Now, back to hot dog anatomy. As every schoolboy knows, the frankfurter was invented in 1852 by the butchers' guild in Frankfurt, Germany. Legend has it that one of these gusto-oriented men had a pet dachshund whose long tubular body inspired the frank's long tubular shape, and that's why, in addition to frankfurter, it came to be called a "hot dog." Sounds bogus, huh? Hot dogs are shaped exactly the way all sausages have been for 3,500 years. I suspect what really happened was that some poor dachshund wandered into the butchers' guild backyard during a weekly beer bust. Somebody yelled "Meat!," and the little pooch was awarded a one-way trip through a grinder. Thus began the hot dog makers' long tradition of grinding up questionable critters and critter parts (snoots, lips, ears) and squirting them into casings, where they cannot be traced.

Today, though, thanks to pushy government meat inspectors, your chances of biting into a stray beak or a shoelace are not good unless your hot dog package says "made with variety meats." (Others will disagree, but to me, this robs frank-eating of valuable pizazz.) What you're mostly getting now is meat scraps (usually beef and pork), fat (about 26 percent of a typical dog), water (56 percent), fillers (dried skim milk and cereal), salt, corn syrup and preservatives such as sodium nitrite and sodium nitrate. Nitrite, a suspected carcinogen, prevents hot dogs from turning a strange color and growing fur before you buy them. (Or as Science Digest once so dramatically put it: "Bacteria that attack frank surfaces produce hydrogen peroxide; while this turns drab brunettes into pretty blondes, it turns the ruddy frank surface into a non-marketable green.") Nitrate further inhibits bacterial growth; for some people it also causes the same "dietary migraine" you can get from eating Chinese food laden with monosodium glutamate. Anyway, the dog itself is made like so: All this stuff is mushed up in giant grinders, power-squirted into casings (once made from the finest intestinal skins from Russian and Chinese lambs, they're now usually cellulose), and then run through a linking machine that makes periodic pinches and forms those nifty "belly buttons" on each end of the wienie. Mmm, boy. Let's all smack our lips.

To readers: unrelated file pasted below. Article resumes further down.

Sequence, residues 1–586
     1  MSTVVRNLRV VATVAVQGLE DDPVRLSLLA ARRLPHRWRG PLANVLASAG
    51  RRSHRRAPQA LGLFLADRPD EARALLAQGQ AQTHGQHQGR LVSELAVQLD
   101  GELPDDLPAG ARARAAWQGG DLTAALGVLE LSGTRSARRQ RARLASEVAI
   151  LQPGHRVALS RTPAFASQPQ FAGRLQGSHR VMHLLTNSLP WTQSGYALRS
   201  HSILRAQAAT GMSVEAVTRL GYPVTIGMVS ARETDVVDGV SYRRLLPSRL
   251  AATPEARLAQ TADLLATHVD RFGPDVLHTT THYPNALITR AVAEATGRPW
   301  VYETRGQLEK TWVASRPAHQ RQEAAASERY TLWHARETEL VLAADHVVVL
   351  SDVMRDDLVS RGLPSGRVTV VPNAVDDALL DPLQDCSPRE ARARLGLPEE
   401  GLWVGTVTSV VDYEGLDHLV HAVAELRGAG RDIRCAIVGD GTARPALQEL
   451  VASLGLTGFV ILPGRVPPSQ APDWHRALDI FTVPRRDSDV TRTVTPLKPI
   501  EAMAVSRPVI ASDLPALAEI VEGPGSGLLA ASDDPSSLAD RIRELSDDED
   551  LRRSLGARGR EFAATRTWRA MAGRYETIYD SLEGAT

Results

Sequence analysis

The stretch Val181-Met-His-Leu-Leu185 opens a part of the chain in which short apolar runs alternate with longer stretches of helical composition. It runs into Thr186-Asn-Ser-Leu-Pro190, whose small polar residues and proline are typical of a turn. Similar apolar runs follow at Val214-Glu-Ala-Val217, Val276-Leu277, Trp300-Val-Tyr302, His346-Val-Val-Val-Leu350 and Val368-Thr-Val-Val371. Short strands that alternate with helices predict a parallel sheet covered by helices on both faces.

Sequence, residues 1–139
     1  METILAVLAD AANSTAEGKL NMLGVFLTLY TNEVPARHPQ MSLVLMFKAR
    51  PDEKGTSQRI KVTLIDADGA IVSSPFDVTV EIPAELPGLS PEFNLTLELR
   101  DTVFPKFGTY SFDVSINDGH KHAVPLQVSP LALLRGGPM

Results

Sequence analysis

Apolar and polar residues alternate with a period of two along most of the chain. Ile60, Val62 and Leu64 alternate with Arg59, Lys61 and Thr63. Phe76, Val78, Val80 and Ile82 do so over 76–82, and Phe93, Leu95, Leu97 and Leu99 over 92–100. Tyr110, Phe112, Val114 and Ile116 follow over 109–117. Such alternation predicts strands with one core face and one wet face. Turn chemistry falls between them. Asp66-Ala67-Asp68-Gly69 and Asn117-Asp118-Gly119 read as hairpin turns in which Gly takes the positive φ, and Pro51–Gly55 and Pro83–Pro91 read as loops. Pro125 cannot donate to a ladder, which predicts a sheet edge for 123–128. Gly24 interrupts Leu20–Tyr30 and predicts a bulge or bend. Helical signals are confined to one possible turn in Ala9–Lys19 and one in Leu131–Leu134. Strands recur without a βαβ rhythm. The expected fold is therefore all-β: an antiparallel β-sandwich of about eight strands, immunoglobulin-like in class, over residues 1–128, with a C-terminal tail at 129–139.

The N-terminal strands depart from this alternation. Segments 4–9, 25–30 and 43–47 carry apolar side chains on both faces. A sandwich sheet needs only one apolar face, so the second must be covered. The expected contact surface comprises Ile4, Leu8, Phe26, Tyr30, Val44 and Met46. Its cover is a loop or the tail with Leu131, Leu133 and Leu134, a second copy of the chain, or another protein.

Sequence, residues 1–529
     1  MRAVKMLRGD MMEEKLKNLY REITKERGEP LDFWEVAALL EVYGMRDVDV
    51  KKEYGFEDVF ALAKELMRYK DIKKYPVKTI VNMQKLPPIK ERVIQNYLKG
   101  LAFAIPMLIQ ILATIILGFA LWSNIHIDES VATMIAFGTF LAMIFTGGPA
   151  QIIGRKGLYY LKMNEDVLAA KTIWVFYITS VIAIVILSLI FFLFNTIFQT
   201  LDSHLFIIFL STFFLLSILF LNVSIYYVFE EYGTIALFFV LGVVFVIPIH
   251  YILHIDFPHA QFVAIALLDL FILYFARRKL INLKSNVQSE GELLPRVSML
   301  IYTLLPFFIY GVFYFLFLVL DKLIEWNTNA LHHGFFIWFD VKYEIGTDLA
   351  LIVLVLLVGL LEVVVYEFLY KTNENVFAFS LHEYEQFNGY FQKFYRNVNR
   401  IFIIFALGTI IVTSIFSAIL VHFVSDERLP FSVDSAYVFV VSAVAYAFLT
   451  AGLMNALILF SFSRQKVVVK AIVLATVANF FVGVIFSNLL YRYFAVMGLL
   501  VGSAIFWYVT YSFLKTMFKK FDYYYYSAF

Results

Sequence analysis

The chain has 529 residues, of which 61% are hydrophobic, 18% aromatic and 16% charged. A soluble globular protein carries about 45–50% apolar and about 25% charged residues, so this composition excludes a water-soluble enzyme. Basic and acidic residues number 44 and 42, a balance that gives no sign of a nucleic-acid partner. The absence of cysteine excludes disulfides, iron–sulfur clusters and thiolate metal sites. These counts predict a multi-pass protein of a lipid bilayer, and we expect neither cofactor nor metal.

So what am I saying? I'm saying: 1) Good news, hot dogs are still disgusting enough to be worth the trouble; and 2) even though you should be squeamish about them, don't be. After all, they could be worse. In 1958 (again according to Science Digest), scientists were looking into the idea of preserving wienies with radiation: "At the American Meat Institute Foundation labs . . . physicists have created a genuinely hot hot dog. They stuff the frank into a metal 'bun,' lower the sample into a cobalt-60 furnace, and study the effect of gamma rays . . ." Are today's wienies being subjected to this sort of experimentation? Well, I could find out, but "frankly," I'd rather not know. Pass the mustard.

By now you're probably scrambling through the fridge looking for dogs. Wait, don't eat 'em raw! For your dining pleasure, I've combed through dozens of cookbooks looking for the most disgusting hot dog recipe. And here, narrowly beating out Hot Dogs Au Vin and Hot Dogs Amandine, is the recipe for Hot Dogs Flambe': Take 1/4 cup granulated sugar, 1/4 cup cornstarch, 1/4 cup vinegar, 1/4 cup orange marmalade, 1 can pineapple tidbits, with juice, 1/2 cup seeded and split green grapes, 10 maraschino cherries, 1 cup drained mandarin orange sections, 1/2 cup Cointreau, and 10 parboiled hot dogs and their liquor. Mix the sugar and cornstarch over heat; mix the vinegar, marmalade and pineapple. Cut the franks into coins, place in a chafing dish, dump on all the fruit and goop and douse everything with Cointreau.

Ignite, present with a flourish, and run. ::